Metropistas, the consortium of companies that is now running PR-22 and PR-5, will use the public-private partnership agreement established with the government as the model to possibly secure similar deals in the U.S. mainland, company officials said Monday.
Francisco Reynés, CEO of Abertis — which along with Goldman Sachs Infrastructure Partners II, L.P. landed the PPP worth $1.4 billion and formed Metropistas — said the Spanish firm is setting its sights on state governments looking to hand over infrastructure management to private operators, to continue expanding its international footprint.
“We consider this project as our entrance to the U.S., because Puerto Rico is not just a Commonwealth, but a government that is doing hard work to be considered a part of the U.S.,” said Reynés during a visit to the island Monday. “Puerto Rico has been a model project, which we’ll present as our flagship project to other states.”
Reynés, who along with a delegation of Abertis executives, headed to Washington, D.C. to meet with a number of governors today to explore possible partnerships in Virginia and North Carolina.
“Although this project may not be seen that way here, for us it is a flagship project of efficient management by the administration and the concessionaire on how a PPP project should be done,” he said. “We believe the world is closer to understanding this type of project more than before.”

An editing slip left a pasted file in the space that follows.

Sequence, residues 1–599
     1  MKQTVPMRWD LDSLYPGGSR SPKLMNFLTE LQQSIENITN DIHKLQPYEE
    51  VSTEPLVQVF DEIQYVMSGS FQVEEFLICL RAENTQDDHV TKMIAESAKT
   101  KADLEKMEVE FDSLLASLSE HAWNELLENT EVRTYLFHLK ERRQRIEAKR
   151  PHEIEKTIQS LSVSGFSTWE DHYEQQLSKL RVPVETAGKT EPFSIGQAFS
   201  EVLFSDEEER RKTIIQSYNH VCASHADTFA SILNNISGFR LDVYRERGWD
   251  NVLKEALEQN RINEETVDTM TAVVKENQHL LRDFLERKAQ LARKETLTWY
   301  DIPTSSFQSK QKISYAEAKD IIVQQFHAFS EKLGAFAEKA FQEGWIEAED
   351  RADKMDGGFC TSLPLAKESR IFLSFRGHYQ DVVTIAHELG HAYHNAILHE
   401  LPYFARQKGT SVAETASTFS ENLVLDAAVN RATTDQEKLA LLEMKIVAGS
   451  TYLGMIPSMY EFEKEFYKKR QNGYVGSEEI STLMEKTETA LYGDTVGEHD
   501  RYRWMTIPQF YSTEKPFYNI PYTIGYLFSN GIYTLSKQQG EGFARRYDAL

Barcelona-based Abertis, which runs toll roads in Europe and Latin America, has been contemplating the possibility of expanding its footprint into the U.S. mainland since 2008 after successfully bidding $12.8 billion to run the Pennsylvania Highway, a deal that subsequently fell apart. The 75-year lease to operate and collect fares on the 537-mile turnpike would have been the biggest agreement of its kind in the U.S. to date.
“It was frustrating to see how after we won the bid, the legal framework was not in place to support the concession,” said Reynés. “The Puerto Rico project analyzed what had worked and what had not in other similar PPPs, something the governor [Luis Fortuño] told us this morning.”
The difference in Puerto Rico, he said, is that “government officials understood that the concession and the negotiation with the bidders had to go hand-in-hand, and that there had to be a legal framework in place.”
Over the next three years, PR-22 and PR-5 will undergo a $56 million facelift en route to becoming world-class roads, and while improvements are already underway, it will “take time” for drivers to experience noticeable changes, said Luis Palazzi, CEO of Metropistas, during the meeting with members of the local media.
“We have been in control of the operation for 20 days. We’ve already begun working on the green areas and have implemented a security patrol system in place, and have gotten good feedback from drivers,” Palazzi said. “A lot has happened in 20 days and there’s still much more to be done.”